In a china dish that belonged to my English grandfather, I have a treasured letter he wrote to congratulate Mom on the birth of her first grandchild, Jennifer, our daughter, who now has children of her own. The letter is written on blue airmail stationery, the type Mom and Grandpa used back then — the least expensive to post.
I thought about the letter over the weekend, while I perused the “Mail Call” exhibit that just opened at Washington Public Library. To go along with the exhibit the library has other programs planned. One is a “Letter-Writing Challenge,” in which we’re encouraged to write six letters to family members or friends in the nine weeks that “Mail Call” is on display.
Those who participate can log their letters on a form supplied by the library and when complete will receive a “Love My Library” pen. The real prize, however, will be sending a letter, and perhaps getting one back — a heartfelt exchange that used to be central to our lives.
A Wonderful Opportunity
When you enter the library, a separate display on the lower level has photographs of library staff members’ relatives who have served, or are serving, in the Armed Forces. It’s a touching way to make “Mail Call” more personal and connect it to our community.
Among the stories the Smithsonian exhibit has embellished is one from Missy Frankenberg, a clerk at the library, who’s been in touch with her 94-year-old grandmother, Lois Paradee, in California, to talk about letters her grandparents exchanged during World War II. Missy knew about this previously, but the exhibit promoted further dialog, and the details she discovered might have been lost without the impetus provided by the exhibit.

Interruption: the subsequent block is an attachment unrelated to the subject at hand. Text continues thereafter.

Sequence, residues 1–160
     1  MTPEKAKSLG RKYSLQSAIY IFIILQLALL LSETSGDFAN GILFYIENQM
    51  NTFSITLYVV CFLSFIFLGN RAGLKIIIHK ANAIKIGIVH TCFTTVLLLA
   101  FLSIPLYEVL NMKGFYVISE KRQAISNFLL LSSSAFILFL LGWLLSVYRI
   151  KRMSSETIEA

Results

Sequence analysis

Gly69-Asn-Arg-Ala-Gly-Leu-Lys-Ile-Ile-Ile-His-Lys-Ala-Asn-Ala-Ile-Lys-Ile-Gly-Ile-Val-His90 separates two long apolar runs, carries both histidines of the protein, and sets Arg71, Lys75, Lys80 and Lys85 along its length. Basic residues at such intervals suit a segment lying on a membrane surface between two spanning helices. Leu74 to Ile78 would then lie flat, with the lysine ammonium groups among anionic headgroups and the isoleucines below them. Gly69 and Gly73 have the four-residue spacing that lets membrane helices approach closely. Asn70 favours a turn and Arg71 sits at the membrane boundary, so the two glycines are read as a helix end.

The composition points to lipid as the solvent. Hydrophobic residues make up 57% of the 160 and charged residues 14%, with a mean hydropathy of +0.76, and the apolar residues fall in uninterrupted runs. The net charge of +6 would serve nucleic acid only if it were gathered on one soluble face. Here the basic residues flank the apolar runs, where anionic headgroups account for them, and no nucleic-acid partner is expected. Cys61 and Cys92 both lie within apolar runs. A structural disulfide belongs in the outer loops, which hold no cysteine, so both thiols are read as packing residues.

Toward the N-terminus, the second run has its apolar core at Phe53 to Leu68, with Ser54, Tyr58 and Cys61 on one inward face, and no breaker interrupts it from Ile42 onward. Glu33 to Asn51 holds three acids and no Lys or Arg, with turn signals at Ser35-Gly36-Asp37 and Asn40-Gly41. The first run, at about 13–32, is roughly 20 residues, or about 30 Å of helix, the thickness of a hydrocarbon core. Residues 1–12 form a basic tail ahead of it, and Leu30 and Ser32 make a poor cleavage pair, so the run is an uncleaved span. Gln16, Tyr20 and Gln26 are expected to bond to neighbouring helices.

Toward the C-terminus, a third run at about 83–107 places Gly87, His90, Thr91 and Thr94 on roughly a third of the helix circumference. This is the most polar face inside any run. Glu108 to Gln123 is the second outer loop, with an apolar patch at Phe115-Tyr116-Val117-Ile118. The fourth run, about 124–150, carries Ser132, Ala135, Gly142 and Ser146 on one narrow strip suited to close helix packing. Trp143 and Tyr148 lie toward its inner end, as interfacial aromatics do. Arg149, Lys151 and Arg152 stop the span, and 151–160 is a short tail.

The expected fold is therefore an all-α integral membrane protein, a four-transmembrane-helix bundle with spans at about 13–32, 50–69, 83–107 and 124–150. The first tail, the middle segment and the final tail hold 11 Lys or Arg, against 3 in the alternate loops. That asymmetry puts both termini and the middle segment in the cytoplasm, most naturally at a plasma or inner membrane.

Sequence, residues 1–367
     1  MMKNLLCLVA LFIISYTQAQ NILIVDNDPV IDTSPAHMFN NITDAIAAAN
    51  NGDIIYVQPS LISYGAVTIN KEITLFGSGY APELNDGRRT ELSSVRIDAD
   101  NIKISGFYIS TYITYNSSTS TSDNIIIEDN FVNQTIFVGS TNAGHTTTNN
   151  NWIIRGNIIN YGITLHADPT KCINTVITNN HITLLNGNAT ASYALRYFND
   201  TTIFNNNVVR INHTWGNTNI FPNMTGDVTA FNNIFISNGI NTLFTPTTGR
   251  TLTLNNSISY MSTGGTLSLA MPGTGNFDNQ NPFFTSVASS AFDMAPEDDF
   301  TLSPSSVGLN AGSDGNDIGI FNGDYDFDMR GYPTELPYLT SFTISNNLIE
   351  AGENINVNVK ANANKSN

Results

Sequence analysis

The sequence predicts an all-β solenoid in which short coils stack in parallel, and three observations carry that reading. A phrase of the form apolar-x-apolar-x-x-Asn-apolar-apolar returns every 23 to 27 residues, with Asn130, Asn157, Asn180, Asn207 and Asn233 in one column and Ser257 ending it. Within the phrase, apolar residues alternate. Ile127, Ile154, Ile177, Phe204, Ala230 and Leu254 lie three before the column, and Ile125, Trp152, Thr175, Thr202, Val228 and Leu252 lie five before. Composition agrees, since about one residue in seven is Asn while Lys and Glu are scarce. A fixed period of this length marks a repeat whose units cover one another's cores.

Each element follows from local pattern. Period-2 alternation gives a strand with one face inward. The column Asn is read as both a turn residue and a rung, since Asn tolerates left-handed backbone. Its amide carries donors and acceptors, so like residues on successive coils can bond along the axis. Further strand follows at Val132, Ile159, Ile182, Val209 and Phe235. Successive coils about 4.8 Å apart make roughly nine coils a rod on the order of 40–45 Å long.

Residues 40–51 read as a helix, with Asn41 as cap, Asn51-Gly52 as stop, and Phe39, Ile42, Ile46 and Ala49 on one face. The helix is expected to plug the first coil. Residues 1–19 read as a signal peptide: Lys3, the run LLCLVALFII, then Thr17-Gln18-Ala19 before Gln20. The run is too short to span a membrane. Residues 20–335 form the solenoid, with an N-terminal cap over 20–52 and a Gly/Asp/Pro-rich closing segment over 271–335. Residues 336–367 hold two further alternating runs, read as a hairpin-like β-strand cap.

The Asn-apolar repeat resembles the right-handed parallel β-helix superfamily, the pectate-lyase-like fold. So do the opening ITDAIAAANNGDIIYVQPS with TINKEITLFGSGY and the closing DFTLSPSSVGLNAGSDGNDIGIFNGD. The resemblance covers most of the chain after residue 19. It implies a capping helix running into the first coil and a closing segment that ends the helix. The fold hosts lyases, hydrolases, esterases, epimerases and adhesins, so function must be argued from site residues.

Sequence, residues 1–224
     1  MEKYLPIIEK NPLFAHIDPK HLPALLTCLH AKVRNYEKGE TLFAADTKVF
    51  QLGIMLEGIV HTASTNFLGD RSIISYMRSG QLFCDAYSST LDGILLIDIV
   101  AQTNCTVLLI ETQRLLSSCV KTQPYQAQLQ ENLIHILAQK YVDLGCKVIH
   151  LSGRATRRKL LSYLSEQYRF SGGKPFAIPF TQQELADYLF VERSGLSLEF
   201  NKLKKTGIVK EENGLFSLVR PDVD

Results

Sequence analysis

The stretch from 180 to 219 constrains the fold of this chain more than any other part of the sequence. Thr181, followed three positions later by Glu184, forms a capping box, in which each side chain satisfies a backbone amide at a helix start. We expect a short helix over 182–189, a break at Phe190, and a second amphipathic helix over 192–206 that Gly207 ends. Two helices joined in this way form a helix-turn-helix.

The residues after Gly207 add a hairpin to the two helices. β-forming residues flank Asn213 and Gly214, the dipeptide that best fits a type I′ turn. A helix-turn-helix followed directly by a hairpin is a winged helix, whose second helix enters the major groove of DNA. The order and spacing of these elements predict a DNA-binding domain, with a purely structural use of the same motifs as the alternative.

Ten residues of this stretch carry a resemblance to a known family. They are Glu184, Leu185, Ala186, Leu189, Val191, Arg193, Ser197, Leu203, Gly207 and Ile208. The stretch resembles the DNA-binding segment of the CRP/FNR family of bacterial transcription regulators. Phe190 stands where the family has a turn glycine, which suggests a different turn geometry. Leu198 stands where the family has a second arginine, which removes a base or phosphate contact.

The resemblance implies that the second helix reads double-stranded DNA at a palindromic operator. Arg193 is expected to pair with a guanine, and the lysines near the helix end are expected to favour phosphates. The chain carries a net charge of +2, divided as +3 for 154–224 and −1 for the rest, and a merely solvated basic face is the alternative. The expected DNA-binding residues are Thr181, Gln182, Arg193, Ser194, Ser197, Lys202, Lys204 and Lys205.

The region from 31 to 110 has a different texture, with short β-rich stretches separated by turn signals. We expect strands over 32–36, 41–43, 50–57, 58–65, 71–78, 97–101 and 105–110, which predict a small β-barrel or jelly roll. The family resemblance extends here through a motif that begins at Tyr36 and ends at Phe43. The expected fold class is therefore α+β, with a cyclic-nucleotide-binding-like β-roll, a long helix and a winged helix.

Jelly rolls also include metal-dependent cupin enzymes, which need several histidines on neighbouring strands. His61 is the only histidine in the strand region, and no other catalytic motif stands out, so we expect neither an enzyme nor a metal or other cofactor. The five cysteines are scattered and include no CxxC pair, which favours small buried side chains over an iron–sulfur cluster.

Five Years of Letters
In 1940, Missy’s grandmother lived in Detroit and had a friend whose beau was serving in Hawaii. He had an Army buddy who wanted to write a girl while he was in the service, and asked if the man’s girlfriend might know of someone. That’s how a courtship in letters began between Missy’s grandparents, Elmer Hearn, and Lois Paradee — correspondence that went on for five years, while Elmer saw action in various places in the Pacific.
Initially their letters were sporadic, but after a couple of months, they arrived weekly, and then daily. The end result was three bushel baskets full of letters to Lois, which she’s since weeded out, saving only the really special ones. Elmer even proposed to Lois in a letter, written six to eight months before he returned to the States.
When the proposal arrived, Lois’ mother asked her daughter what she was going to do. She would accept, Lois said, and when he got home if she felt the relationship wasn’t right she’d tell him so. Elmer had to wait two weeks to get Lois’ reply, “the longest two weeks of his life,” he later told her.
A Happy Ending
It didn’t take the couple long to get hitched. Lois was outside on the balcony of the family home one day when she saw a cab pull up. She knew it was Elmer. Two weeks later, on July 28, 1945, they were married in a small ceremony in Michigan. Their long-distance courtship led to 54 years of marriage and the birth of three sons. Elmer Hearn passed away in 1999.
“There were no surprises when he got home,” Lois told Missy. “We had poured our hearts out to each other in letters.”
More stories like Missy’s are sure to come to light because of “Mail Call.” Perhaps one of the letters we should send should be to the library staff thanking them for all their hard work in getting the exhibit here, and setting it up, with a special nod to Ruth McGinnis, our children’s librarian, for being so tenacious in her efforts.
This meaningful exhibit is a gift to our community.